Tulsa musicians unite for Feathers benefit Sunday at Curly's

 

Leo Feathers is best known for his work with Leon Russell.

MICHAEL WYKE / Tulsa World


It's an all-star lineup of musicians -- some of whom haven't been heard from in a good long time -- scheduled to play at Curly's@the East End this Sunday. And they're gathered together to honor and aid another all-star and one of their own, Tulsa guitarist Leo Feathers, who is gravely ill.

"We're just trying to help make things comfortable for him, to help with his care," says vocalist- harmonica player Jimmy Markham, the event's organizer. "I'm calling it a tribute benefit, and the tribute part has to do with the fact that he's one of the icons of Tulsa music, a great electric and acoustic guitar player, a Nashville studio player, a man who's play with major acts from Leon Russell to Jerry Lee Lewis, and a recipient of the Cherokee Medal of Honor."

Feathers and Markham have been playing as a duo Sundays at Pickle's Pub. But that's only the latest in a long line of collaborations for the two that stretches back to the early days of rock 'n' roll.

"We go back to 1958 and a band called the Starlighters," Markham noted. "It was Leo and me, Leon Russell, Chuck Blackwell, Johnny Williams and Jack Dunham. We played the rock 'n' roll and R&B of the day, and we played all around Tulsa. Later on, when I was in Nashville and Leo was in Nashville, we played some together down there; then he left and moved back home to Mounds. When I moved back here in April, we started playing once again as a duo. He told me he's going to play as long as he can."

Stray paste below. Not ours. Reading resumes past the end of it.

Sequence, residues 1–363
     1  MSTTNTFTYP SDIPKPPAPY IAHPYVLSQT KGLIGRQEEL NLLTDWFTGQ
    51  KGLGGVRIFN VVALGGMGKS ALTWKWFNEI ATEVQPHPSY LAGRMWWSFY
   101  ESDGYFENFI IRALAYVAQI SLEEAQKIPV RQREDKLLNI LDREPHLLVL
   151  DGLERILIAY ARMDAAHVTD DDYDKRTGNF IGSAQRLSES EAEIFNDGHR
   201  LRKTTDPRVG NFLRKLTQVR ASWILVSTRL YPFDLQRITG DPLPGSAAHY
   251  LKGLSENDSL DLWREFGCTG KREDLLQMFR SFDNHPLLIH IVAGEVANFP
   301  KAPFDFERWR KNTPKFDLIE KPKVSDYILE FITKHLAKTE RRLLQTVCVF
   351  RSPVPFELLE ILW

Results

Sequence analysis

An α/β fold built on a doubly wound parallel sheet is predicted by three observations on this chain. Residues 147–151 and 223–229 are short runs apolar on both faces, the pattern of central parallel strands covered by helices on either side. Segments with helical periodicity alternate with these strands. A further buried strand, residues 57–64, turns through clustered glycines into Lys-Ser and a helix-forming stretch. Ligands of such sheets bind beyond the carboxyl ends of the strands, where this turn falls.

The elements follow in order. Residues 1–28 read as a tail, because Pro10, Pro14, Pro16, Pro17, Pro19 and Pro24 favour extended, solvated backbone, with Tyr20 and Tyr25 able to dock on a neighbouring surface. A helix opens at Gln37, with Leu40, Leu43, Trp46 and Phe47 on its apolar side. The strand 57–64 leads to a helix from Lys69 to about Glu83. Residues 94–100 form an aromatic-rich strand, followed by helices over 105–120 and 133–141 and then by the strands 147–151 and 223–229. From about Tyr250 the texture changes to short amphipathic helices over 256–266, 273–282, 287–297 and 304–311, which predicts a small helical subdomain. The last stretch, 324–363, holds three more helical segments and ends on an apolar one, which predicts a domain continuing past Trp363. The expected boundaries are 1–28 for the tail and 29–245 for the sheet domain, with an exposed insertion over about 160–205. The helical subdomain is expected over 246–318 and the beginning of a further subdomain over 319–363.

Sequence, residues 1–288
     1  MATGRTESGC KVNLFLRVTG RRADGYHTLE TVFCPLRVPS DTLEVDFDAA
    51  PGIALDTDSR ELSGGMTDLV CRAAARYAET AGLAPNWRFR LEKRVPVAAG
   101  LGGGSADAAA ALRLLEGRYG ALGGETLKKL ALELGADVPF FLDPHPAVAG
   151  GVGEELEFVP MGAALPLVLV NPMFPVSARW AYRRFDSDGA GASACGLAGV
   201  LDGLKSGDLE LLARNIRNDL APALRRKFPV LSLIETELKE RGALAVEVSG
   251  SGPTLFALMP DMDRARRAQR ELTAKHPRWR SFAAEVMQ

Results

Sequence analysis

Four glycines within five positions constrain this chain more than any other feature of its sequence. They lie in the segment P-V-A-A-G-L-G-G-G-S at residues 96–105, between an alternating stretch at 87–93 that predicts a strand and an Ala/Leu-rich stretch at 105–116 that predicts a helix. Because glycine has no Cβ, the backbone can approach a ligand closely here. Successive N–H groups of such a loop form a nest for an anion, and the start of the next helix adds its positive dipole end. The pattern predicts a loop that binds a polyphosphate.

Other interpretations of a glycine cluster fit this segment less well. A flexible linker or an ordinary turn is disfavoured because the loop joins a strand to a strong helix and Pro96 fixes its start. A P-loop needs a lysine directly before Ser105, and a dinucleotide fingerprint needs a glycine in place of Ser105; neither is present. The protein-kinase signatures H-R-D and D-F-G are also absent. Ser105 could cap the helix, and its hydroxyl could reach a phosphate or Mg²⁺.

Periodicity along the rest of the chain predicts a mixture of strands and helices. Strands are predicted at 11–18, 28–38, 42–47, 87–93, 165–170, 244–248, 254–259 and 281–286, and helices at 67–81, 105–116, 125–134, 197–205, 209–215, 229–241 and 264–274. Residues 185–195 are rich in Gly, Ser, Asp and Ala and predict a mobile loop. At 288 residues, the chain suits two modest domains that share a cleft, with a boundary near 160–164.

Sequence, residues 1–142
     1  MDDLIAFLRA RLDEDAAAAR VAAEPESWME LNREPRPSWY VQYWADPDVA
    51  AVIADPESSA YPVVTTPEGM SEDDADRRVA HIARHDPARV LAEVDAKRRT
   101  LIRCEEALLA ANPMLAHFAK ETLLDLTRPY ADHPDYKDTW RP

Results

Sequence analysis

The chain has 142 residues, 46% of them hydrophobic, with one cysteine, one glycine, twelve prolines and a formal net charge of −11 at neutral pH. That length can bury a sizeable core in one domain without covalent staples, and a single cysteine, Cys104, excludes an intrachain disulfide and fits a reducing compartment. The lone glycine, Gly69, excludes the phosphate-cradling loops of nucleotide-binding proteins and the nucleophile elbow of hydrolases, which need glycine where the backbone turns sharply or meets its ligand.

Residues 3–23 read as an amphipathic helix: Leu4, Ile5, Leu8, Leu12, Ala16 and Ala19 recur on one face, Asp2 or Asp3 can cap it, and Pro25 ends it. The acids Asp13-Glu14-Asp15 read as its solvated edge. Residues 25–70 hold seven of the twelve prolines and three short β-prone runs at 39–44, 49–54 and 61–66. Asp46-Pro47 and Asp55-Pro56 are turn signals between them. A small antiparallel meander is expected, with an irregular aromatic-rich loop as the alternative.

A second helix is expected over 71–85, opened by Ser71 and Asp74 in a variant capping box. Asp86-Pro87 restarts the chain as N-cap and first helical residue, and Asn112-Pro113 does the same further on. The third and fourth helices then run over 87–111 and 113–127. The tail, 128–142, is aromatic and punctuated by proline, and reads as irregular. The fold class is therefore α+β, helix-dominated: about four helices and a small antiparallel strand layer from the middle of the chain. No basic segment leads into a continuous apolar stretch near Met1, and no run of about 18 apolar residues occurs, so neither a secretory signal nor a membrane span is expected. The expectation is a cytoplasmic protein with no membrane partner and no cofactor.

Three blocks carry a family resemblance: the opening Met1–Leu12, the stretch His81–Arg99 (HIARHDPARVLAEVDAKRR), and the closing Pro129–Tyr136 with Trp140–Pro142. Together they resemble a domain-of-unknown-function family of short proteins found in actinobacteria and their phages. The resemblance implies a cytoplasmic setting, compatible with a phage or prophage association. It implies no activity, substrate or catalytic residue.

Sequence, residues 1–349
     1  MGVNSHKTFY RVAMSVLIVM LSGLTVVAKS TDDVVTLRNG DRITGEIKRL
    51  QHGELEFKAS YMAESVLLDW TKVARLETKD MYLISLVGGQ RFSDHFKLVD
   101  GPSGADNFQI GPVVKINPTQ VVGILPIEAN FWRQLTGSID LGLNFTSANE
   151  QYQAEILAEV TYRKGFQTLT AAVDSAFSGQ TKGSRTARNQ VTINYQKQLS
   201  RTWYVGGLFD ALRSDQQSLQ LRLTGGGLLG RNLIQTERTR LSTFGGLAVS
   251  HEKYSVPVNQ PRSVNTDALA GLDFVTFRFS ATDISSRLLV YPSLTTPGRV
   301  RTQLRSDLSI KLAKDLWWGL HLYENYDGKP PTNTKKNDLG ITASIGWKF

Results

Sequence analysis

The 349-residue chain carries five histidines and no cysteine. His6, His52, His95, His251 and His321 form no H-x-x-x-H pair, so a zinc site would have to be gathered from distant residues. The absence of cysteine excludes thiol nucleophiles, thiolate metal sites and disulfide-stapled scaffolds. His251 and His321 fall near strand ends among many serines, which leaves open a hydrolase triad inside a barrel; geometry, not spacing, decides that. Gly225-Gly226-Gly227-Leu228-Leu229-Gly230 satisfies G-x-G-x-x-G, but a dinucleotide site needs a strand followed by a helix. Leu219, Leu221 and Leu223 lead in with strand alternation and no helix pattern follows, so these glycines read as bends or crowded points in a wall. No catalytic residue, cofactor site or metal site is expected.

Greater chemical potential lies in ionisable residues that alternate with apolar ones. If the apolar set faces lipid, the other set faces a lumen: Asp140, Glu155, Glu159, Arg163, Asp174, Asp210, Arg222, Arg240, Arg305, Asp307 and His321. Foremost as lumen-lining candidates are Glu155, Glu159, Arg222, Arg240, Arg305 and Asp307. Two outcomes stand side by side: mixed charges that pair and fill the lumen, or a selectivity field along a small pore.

A look at the roster of performers will tell you that Leo Feathers has made a lot of friends in the Tulsa musical community over the years. And some of those friendships also involve stars like former Tulsan Ronnie Dunn of the hugely successful country act Brooks & Dunn. He and others have donated items for an auction, to be held during the event.

"We'll have both a live and a silent auction, with merchandise from Brooks & Dunn, Reba, Dwight Yoakam and Waylon -- and there's more coming in every day," said Markham. "Garth Hudson and Levon Helm (of the Band) have just donated a signed guitar."

Even longtime fans of Tulsa music may be surprised at some of the acts scheduled to appear. Mickey Crocker, for instance, was a Tulsa music heavyweight back in the '70s, but hasn't played much around here in years.

"That's because he's been living up in Kansas," said Markham. "But he's come down and sat in with Leo and me a couple of Sunday nights."

Then there are guys like piano player Eddie Spraker and vocalist Bobby Taylor, players in the early '60s Tulsa music scene who haven't been on stage for a long time.

"Bobby goes 'way back to that David Gates era; he had his own vocal thing going then," Markham explained. "Eddie goes back to those early days with us, too. He was the piano player in the first band I had, the Swinging Shadows, in 1957. He got out of music and into banking." Markham laughed. "He was one of the smart ones."

A Leo Feathers Benefit Fund has been established at the Tulsa Teachers' Credit Union, P.O. Box 4999, 3720 E. 31st St., Tulsa, Okla. 74159-0999. Account number for contributions is 107464. More information can be found on the website www.tulsamusic.com

Event: Leo Feathers Tribute Benefit, featuring Brad Absher, Larry Bell, Chuck Blackwell, Debbie Campbell, Earl Cate, Tommy Crook, Gene Crose, Bill Davis, Jack Dunham, Scott Ellison, Rocky Frisco, Jim Karstein, Jimmy Markham, Mezclave (Tul- Salsa), Don Price, Steve Pryor, Bill Raffensperger, The Red Dirt Rangers, Walt Richmond, John Rigney, Leon Rollerson, Bill Snow, Eddie Spraker, Jim Sweney, Tiffany Tanner, Bobby Taylor, David Teegarden, Flash Terry, Roger Tillison, Tom Tripplehorn, Jim Turley, Don White, Steve White, Larry York, The Zigs and more.

When: 4 p.m.-midnight Sunday

Where: Curly's@The East End, 216 N. Elgin Ave.

Tickets: $10 donation at the door